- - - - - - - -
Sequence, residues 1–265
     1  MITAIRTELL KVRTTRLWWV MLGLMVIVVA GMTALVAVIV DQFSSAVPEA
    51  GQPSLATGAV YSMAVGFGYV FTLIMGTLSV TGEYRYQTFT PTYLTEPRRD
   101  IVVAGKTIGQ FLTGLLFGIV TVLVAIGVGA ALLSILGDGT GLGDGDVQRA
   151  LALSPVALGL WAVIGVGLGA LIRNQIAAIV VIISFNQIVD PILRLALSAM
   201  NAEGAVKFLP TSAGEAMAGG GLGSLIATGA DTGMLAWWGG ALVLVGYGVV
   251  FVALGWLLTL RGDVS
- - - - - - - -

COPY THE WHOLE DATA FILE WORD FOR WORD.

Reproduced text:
Sequence, residues 1–265
     1  MITAIRTELL KVRTTRLWWV MLGLMVIVVA GMTALVAVIV DQFSSAVPEA
    51  GQPSLATGAV YSMAVGFGYV FTLIMGTLSV TGEYRYQTFT PTYLTEPRRD
   101  IVVAGKTIGQ FLTGLLFGIV TVLVAIGVGA ALLSILGDGT GLGDGDVQRA
   151  LALSPVALGL WAVIGVGLGA LIRNQIAAIV VIISFNQIVD PILRLALSAM
   201  NAEGAVKFLP TSAGEAMAGG GLGSLIATGA DTGMLAWWGG ALVLVGYGVV
   251  FVALGWLLTL RGDVS